From 3 March, commercial banks will be able to lend Rs69 for every Rs100 worth of deposits they mop up. This is because they are required to invest Rs25 out of every Rs100 deposit in government bonds and keep another Rs6 with the Reserve Bank of India (RBI) as reserve on which they do not get any interest.
Banks will find it difficult to digest this as, for the last two years, some of them are actually using their entire deposit portfolio and even more to meet the insatiable credit demand of consumers. This has been possible because they had over-invested in government bonds.
So, they have been releasing money by selling off their bond holdings and using it to create loan assets. At this point of time, the banking industry as a whole is channelling Rs74 for every Rs100 worth of deposits into their credit portfolio. This means they are aggressively using their capital and reserves to meet the credit demand.
It is no wonder that RBI governor Yaga Venugopal Reddy is unhappy with the situation. Between October 2004 and now, he has raised the short-term policy rates by one and a half percentage points.
Besides, he has also raised the capital and provision requirements in some of the segments where credit growth has been too much, such as real estates, mortgages and consumer loans.
After all these measures failed, he has started impounding banks’ resources so that they are left with less money to lend.
This opens a new chapter in India’s monetary policy. The central bank is grappling with high credit demand, fuelling inflationary pressures and high capital flow. In such a scenario, draining capital is a more effective way to raise the cost of money than tinkering with interest rates.
Over the last four years, between February 2003 and now, India’s foreign currency assets have gone up by more than $100 billion (Rs4.4 lakh crore), from about $71 billion to $178 billion. This has created over Rs5 lakh crore rupee-liquidity in the system, roughly a little more than one-fifth of total bank deposits.
Tightening of liquidity will hinder growth. Listed Indian corporations have a capital expenditure plan of more than Rs9 lakh crore over the next four years. Besides, the infrastructure sector needs another Rs14 lakh crore. This essentially means that the total demand for resources in 2011 will be more than one and a half times the outstanding loan assets of the entire Indian banking system, and marginally less than its deposit liabilities.
Unless a vibrant corporate bond market is developed, overseas borrowings alone will not be able to take care of such a huge credit demand.
Banks, on their part, have a bigger challenge in hand now—maintaining their profitability. As the bond yields rise, they will have to book depreciation losses in their investment books. While medium- and long-term bond yields have not risen much, at the shorter end, there has been a sharp rise. Those banks that are holding long-term securities are relatively safe from the depreciation shock.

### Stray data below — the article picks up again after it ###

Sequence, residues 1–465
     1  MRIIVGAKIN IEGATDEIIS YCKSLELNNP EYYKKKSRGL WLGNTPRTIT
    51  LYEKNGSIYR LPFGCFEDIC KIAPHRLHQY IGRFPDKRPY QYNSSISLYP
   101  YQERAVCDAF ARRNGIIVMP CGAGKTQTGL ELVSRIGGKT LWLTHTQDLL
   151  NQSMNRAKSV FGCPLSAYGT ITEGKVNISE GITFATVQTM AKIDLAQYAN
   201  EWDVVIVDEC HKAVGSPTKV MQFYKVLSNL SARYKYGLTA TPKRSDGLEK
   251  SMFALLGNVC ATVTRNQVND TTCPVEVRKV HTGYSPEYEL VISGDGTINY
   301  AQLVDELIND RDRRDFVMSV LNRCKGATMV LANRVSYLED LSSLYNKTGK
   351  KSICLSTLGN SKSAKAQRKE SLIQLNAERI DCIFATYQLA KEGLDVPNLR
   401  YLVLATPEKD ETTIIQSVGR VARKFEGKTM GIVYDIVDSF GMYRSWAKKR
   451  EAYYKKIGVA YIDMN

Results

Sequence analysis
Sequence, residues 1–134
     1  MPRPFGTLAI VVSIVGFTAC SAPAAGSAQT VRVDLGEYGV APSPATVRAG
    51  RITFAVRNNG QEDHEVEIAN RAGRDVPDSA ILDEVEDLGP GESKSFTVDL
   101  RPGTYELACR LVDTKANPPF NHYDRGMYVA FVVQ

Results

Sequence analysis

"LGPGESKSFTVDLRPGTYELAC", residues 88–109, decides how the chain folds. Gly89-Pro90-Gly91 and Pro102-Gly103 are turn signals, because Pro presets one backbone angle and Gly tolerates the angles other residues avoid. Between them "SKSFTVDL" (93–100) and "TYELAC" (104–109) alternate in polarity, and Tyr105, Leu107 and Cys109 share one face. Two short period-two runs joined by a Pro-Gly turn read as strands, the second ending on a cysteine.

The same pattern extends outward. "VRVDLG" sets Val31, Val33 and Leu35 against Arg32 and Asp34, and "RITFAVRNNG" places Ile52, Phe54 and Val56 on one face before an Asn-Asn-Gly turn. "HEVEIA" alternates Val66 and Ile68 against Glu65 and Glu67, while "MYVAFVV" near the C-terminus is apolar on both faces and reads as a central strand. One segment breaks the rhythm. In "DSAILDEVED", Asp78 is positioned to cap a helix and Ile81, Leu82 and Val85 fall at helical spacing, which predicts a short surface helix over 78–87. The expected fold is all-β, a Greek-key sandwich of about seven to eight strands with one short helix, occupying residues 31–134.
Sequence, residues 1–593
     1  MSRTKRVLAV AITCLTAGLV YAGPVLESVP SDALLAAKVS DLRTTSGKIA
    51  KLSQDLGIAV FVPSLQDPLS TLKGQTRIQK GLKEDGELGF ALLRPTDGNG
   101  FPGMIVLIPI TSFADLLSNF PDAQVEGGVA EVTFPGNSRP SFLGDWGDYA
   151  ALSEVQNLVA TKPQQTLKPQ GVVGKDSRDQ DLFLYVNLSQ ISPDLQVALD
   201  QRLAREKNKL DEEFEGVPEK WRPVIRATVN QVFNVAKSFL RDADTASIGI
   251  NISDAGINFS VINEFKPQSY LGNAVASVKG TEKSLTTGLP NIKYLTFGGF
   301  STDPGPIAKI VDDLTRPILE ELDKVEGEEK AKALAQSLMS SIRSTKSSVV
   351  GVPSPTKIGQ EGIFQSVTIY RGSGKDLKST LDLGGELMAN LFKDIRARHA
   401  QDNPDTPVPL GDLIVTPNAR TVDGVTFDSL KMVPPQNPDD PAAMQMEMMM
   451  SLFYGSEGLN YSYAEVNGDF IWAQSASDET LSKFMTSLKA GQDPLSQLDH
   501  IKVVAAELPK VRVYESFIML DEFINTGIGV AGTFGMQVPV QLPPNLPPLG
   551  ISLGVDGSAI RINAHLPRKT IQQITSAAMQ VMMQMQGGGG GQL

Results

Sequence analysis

Overall, banks will also be able to maintain their net interest margin as they are hiking their lending rates along with deposit rates. The benefit of the lending rate hike is instant on their books as loans across the board get re-priced while higher deposit rates cover only new deposits and old deposits on renewal. Besides, about 35% of the deposit kitty consists of zero-interest current accounts and savings accounts on which 3.5% interest is paid.
Effectively, banks’ cost on savings accounts is even less—around 3%—as the interest is paid on the minimum balance kept between the 10th and the last day of a month. Overall, on 35% of deposit liability, banks are paying less than 2.5% interest.
On the other hand, they are earning higher interest rates on all loans, except for small crop loans of up to Rs3 lakh, which will be about 5% of their total credit portfolio. Banks are required to keep aside 18% of their total credit for agriculture loans—big and small. They earn 7% interest on small loans and another 2% subsidy from the government on such loans.
So, rising interest rates will not dent their profitability. Public-sector banks, which account for three-fourths of the total banking system, enjoy between 3% and 4% net interest margin—double that of global banks.
Their counterparts in the private sector have 2-3% margin and foreign banks less than 2%. Net interest margin is arrived at after dividing a bank’s net interest income by its average interest-earning assets.
Banks have traditionally been able to maintain the net interest margin as they are fast in raising lending rates and cutting deposit rates and slow in raising deposit rates and lowering lending rates.
Banks will find it difficult when rising interest rates start denting the quality of assets and corporations start defaulting on loan repayments.
The average net non-performing assets as a percentage of total bank loans is around 2%. With the rise in interest rates, it can go up and impact banks’ profitability as they will stop earning interest on such assets and, on top of that, will be required to make loan loss provisions. However, this will not happen now.
With the economy growing at more than 9% and inflation more than 6%, theoretically corporations can absorb as much as 15% interest cost on loans. Retail consumers will find it tough, but that’s another story.
(Tamal Bandyopadhyay keeps a close eye on all things banking from his perch as the Mumbai bureau chief of Mint. Please email comments to firstname.lastname@example.org)